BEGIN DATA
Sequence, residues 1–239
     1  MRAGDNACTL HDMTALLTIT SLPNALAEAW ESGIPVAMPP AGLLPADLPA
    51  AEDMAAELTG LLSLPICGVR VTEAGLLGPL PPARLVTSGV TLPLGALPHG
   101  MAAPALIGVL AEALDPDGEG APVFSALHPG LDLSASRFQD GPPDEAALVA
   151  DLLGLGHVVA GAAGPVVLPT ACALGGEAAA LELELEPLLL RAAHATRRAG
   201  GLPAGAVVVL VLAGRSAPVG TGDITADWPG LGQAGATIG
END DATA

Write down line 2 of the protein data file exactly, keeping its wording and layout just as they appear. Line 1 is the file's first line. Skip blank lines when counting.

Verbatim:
     1  MRAGDNACTL HDMTALLTIT SLPNALAEAW ESGIPVAMPP AGLLPADLPA